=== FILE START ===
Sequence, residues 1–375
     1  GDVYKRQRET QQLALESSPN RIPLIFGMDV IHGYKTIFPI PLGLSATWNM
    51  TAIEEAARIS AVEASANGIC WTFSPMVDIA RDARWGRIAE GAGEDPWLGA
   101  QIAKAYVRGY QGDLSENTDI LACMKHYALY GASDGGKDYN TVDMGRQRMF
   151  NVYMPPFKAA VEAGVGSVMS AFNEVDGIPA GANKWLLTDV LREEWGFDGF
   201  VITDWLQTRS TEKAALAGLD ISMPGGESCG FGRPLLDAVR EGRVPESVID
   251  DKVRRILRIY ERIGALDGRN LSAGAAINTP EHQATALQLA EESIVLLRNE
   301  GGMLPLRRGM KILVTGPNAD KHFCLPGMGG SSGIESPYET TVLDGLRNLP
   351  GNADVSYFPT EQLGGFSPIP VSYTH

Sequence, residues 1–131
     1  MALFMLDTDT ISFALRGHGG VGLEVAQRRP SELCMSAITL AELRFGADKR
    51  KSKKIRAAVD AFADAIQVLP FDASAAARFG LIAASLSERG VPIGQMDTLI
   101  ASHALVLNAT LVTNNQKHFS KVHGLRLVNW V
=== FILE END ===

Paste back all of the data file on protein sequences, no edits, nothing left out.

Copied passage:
Sequence, residues 1–375
     1  GDVYKRQRET QQLALESSPN RIPLIFGMDV IHGYKTIFPI PLGLSATWNM
    51  TAIEEAARIS AVEASANGIC WTFSPMVDIA RDARWGRIAE GAGEDPWLGA
   101  QIAKAYVRGY QGDLSENTDI LACMKHYALY GASDGGKDYN TVDMGRQRMF
   151  NVYMPPFKAA VEAGVGSVMS AFNEVDGIPA GANKWLLTDV LREEWGFDGF
   201  VITDWLQTRS TEKAALAGLD ISMPGGESCG FGRPLLDAVR EGRVPESVID
   251  DKVRRILRIY ERIGALDGRN LSAGAAINTP EHQATALQLA EESIVLLRNE
   301  GGMLPLRRGM KILVTGPNAD KHFCLPGMGG SSGIESPYET TVLDGLRNLP
   351  GNADVSYFPT EQLGGFSPIP VSYTH

Sequence, residues 1–131
     1  MALFMLDTDT ISFALRGHGG VGLEVAQRRP SELCMSAITL AELRFGADKR
    51  KSKKIRAAVD AFADAIQVLP FDASAAARFG LIAASLSERG VPIGQMDTLI
   101  ASHALVLNAT LVTNNQKHFS KVHGLRLVNW V